It's a big weekend in Idaho and across the country.  Saturday night is Halloween and we'll be switching over to Daylight Savings Time.  Our friends at AAA Idaho and the Idaho Transportation Department want to share some helpful tips to keep you and your loved ones safe.

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Believe it or not, Halloween is one of the deadliest days of the year says AAA Idaho in a news release.  According to the agency, children are twice as likely to be killed by a car on Halloween night as on any other night of the year.  Daylight Savings means more of us need to look out for pedestrians and bicyclists will be on the road during the dark hours in the late afternoon.



How Dangerous?

According to research by the AAA Foundation for Traffic Safety, 96 percent of drivers view drowsy driving as very or extremely dangerous, but 24 percent admitted to driving when they were so tired that they had a hard time keeping their eyes open at least once in the 30 days before the survey.


Sleepy Driving?

Additional AAA research finds that drivers who have slept less than five hours have a crash risk comparable to someone who is driving drunk.  ITD reports that in 2019, drowsy driving was a contributing factor in 1,350 Idaho crashes.  But due to the difficulty of proving drowsy driving after the fact, the actual number could be much higher.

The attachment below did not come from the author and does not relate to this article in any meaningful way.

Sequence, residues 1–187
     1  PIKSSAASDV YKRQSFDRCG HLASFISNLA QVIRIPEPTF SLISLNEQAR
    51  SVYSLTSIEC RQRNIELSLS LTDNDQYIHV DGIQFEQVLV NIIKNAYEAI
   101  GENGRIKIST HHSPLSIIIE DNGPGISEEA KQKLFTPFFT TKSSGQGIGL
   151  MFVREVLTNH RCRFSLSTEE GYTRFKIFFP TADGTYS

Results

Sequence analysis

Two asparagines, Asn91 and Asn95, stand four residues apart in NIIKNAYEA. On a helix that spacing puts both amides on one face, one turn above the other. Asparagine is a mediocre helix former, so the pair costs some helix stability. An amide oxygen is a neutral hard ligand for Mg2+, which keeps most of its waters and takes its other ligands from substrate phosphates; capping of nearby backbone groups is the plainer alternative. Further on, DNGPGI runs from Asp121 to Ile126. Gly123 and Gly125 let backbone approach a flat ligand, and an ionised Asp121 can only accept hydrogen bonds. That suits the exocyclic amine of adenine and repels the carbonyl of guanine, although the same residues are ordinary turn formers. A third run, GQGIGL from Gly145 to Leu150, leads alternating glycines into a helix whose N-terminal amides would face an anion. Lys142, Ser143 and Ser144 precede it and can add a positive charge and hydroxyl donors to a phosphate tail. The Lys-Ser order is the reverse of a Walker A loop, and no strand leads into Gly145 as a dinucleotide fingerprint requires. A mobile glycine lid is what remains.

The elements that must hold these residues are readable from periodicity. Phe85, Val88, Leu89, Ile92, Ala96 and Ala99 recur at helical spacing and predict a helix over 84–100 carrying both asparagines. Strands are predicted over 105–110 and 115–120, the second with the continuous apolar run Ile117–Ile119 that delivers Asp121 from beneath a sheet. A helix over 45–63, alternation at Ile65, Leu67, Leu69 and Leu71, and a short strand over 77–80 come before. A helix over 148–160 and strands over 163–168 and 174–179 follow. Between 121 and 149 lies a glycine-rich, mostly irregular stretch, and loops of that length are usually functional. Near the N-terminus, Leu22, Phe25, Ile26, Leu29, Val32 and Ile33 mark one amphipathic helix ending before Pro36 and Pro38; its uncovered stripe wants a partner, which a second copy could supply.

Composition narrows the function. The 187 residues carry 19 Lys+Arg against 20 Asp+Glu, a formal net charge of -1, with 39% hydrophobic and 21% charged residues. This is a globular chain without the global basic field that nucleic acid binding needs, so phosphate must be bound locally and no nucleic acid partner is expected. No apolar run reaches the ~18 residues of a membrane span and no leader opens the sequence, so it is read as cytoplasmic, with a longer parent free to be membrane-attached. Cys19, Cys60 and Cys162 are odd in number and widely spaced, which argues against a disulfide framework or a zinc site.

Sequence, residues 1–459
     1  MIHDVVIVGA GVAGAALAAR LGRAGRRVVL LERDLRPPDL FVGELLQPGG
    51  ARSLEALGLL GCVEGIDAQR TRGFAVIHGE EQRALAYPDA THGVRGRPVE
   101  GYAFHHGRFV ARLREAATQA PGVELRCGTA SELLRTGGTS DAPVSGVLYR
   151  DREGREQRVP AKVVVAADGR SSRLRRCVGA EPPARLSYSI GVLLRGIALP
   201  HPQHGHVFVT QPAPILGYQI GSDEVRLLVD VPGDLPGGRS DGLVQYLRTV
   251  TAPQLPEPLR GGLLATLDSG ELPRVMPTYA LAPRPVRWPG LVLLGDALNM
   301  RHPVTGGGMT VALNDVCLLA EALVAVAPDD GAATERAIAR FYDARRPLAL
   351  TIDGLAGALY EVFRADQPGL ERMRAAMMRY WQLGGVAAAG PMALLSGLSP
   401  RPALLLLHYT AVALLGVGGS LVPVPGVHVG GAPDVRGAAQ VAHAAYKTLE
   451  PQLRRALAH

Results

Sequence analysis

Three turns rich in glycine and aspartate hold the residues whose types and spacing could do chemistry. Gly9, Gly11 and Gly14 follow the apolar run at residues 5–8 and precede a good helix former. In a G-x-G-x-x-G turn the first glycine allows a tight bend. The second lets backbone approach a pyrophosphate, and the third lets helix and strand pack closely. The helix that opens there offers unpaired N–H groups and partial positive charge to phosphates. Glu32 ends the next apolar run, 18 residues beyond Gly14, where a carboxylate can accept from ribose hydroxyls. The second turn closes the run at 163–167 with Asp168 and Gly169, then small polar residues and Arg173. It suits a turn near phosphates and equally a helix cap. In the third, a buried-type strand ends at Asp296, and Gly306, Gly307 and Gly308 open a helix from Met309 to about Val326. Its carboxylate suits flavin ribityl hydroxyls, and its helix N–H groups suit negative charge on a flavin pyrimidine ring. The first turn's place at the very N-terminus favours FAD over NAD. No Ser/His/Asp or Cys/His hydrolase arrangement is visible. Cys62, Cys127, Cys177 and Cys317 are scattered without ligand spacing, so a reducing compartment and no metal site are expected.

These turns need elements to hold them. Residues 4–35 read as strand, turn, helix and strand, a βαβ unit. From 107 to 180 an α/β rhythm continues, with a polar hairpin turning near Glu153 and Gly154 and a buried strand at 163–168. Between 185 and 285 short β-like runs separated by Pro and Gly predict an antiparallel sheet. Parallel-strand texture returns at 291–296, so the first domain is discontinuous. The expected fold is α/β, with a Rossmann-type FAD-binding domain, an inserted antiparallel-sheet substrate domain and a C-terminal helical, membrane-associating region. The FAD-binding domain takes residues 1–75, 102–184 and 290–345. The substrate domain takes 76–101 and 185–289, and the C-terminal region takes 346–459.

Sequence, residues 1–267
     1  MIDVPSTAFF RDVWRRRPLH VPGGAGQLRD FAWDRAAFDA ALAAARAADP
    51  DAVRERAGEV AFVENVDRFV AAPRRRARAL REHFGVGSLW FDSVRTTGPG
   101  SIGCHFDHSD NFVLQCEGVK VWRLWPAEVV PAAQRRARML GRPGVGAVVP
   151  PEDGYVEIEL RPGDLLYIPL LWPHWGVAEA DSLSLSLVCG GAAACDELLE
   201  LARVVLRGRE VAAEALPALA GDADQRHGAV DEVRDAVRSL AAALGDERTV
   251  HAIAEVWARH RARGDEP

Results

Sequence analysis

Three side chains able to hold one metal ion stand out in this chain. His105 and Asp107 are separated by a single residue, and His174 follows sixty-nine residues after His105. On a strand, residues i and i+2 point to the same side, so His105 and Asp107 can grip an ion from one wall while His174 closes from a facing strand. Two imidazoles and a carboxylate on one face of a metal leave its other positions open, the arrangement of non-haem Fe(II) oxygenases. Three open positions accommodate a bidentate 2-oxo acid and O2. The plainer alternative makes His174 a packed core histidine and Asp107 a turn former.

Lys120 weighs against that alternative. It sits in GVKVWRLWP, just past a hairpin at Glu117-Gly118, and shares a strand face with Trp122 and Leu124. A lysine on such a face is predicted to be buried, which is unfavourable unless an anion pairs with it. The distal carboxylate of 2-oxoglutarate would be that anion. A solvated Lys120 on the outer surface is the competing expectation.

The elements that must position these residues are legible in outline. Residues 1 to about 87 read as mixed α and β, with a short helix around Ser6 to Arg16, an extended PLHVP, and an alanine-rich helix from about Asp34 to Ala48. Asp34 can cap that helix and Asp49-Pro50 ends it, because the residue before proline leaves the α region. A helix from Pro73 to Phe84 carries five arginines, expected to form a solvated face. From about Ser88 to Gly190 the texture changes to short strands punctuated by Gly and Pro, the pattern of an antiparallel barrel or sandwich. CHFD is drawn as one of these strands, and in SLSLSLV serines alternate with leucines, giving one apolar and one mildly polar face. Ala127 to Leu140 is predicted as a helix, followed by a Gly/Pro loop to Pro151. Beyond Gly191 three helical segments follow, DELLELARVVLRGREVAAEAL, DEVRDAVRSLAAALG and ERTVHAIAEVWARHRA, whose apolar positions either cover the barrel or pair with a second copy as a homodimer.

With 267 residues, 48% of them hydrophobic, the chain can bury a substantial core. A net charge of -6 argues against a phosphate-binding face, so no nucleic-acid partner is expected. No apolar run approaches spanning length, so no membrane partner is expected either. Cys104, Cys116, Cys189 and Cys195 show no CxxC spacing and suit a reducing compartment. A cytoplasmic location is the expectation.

With Halloween and the switch to Daylight Savings Time both taking place this weekend, AAA and the Idaho Transportation Department remind drivers to do their part to prevent a scary situation on the road.


Raising Awareness

AAA Idaho and the Idaho Transportation Department are launching a new safety campaign to reduce the number of drowsy driving injuries and fatalities in the Gem State.  “If you snooze, we all lose” is a reminder to motorists that nodding off behind the wheel puts everyone at risk.  Drivers should get plenty of sleep before they hit the road, or delegate the task to a more-rested driver.


Halloween On Harrison BLVD